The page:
Monday, January 23, 2006

Monday: White, blue, Read & seen

Woke up Monday to a Winter Wonderland -- woe is me! Not that I have to grab a snow shovel and do battle-- the Home Front at the moment is allowing me to shirk that duty-- but just looking at all that white stuff and adding up the days and realizing that it is merely MidWinter in New England is depressing enough to make me want to go back to bed and pull the covers over my head. Wake me when it's spring!
Then I read the depressing News. And the depressing Blogs about the News. And the emails from Noble Causes asking me to send them money so that they can defend All That I Hold Dear from the greedy and power-drunk forces bent upon the destruction of the global environment and our constitutional democracy. That's the most depressing of all! Is there some innovative-- or miraculous-- way to use "good" money that doesn't buy into and reinforce the bad "one dollar one vote" system that is the problem??? The Regime currently has 39% approval and 70% of the political contributions. No way to run a representative government.....

Back to My Life in Art. Monday I did a little blogging, and had a lesson from experienced blogger Will Stackman on how to add links to StageBlog. I worked on but didn't complete a couple of monologues for the One Minute Mouth-Off audition pieces I'm posting on Stagepage. I puttered around putting away various items from my rehearsals and prop and costume stuff loaned to FLOWERS OF RED.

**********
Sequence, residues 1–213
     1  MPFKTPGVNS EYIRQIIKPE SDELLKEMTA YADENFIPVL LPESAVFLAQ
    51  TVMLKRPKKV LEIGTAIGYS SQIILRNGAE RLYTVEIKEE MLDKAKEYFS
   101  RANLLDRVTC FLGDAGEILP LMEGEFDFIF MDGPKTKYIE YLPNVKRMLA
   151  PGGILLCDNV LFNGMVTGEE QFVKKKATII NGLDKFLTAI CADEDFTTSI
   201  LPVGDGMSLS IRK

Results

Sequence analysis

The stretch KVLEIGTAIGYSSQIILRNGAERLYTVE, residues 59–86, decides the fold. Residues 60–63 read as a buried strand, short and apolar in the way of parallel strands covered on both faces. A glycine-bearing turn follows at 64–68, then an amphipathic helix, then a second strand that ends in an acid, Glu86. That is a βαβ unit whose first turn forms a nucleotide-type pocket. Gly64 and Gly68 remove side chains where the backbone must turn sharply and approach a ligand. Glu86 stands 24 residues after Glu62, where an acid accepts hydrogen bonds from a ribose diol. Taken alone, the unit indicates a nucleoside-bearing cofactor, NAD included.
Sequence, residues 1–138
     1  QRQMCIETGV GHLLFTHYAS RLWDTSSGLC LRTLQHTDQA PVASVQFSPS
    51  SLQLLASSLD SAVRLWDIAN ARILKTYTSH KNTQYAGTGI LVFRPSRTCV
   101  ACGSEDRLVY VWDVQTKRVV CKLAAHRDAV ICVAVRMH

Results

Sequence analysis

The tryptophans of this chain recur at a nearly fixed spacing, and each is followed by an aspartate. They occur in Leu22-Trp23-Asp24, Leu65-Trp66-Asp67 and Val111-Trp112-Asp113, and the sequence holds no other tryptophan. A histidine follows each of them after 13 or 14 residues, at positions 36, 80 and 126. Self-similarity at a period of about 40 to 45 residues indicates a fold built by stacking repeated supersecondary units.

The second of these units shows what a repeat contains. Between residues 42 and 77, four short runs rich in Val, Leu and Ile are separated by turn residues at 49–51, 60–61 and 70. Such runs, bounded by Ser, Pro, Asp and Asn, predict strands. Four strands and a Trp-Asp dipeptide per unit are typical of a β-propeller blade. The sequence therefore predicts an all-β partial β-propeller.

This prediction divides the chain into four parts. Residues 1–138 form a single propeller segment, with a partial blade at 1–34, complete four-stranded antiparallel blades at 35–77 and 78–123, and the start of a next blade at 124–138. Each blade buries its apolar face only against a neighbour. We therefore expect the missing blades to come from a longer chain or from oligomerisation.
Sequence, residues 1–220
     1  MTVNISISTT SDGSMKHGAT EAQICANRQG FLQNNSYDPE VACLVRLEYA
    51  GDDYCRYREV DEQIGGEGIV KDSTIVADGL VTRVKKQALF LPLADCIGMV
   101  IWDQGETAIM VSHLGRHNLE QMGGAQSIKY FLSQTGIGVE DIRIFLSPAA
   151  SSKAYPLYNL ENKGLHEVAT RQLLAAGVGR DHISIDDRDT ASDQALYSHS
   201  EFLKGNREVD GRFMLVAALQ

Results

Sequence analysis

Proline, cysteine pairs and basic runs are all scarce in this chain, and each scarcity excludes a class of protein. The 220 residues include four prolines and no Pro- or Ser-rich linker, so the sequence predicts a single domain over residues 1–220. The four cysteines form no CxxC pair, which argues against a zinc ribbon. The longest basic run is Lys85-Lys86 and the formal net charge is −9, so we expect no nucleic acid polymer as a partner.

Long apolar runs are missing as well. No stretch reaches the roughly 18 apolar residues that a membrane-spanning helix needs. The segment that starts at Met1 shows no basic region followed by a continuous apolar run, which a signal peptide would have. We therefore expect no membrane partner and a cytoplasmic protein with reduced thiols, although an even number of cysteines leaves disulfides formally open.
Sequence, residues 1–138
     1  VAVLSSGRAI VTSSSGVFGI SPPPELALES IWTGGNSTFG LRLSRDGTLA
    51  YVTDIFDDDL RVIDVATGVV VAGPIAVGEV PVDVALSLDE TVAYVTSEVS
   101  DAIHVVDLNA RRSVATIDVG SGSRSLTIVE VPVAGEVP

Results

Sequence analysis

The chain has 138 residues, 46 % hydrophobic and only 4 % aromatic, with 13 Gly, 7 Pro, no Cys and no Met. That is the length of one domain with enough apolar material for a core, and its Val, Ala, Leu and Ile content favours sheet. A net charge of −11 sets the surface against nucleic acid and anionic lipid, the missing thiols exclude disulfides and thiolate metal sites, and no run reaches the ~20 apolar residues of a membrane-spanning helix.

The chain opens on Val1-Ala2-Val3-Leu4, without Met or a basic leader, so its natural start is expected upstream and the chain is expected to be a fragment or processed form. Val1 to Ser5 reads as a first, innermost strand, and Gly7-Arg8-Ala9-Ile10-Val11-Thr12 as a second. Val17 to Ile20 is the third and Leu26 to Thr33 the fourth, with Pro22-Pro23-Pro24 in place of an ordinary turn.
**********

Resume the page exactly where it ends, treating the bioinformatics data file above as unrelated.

Monday night Will and I went to the opening of Bryony Lavery's FROZEN at the New Rep, in their impressive new theatre at the recently opened modernist Arsenal Center for the Arts in Watertown, MA. (Will's review of FROZEN is on his On The Aisle web site. I haven't read Will's review yet, so any comments I make about the play aren't related to his opinion.) I went reluctantly: I'm alternately tender-hearted and strong-minded and a play about a serial killer of children is not something I approach lightly. But the play's history -- it won prizes, and it was attacked as plagiarism because the main character is based on the work and life of a living American psychologist, recognizable to her friends and followers-- as well as its challenging subject-- make it a "must see" for me, and I would guess for any woman playwright. Lavery, who is English, has been writing plays since the 1970s, and although I've read descriptions of her work this is the first opportunity I've had to see any of it. The New Rep's production seems to me to be an excellent one: I can only say "thank you". FROZEN is a three character play about "hot button" issues, and I can imagine it in an up-close-and-personal production that is awash in sensationalism and sentimentality. But director Adam Zahler takes the title seriously. The set is a wide expanse of white, sand standing in for snow and ice. The characters are distant on the dwarfing stage, isolated and frozen, with no warmth flowing between them or to the audience. They are in such pain that they are numb between eruptions. Though the precision of the play's observation does evoke empathetic pain in the audience, and like quite a few other spectators I found myself weeping when Nancy Carroll described her reaction to seeing her murdered daughter's bones, the appeal of Lavery's script is almost entirely to intelligence: this is how the animals we call humans function, and this how damage happens, and what damage may do. Given what we are, and what we know, how can we live? The answers implied are not comfortable, but Lavery's lines have the ring of truth to them.


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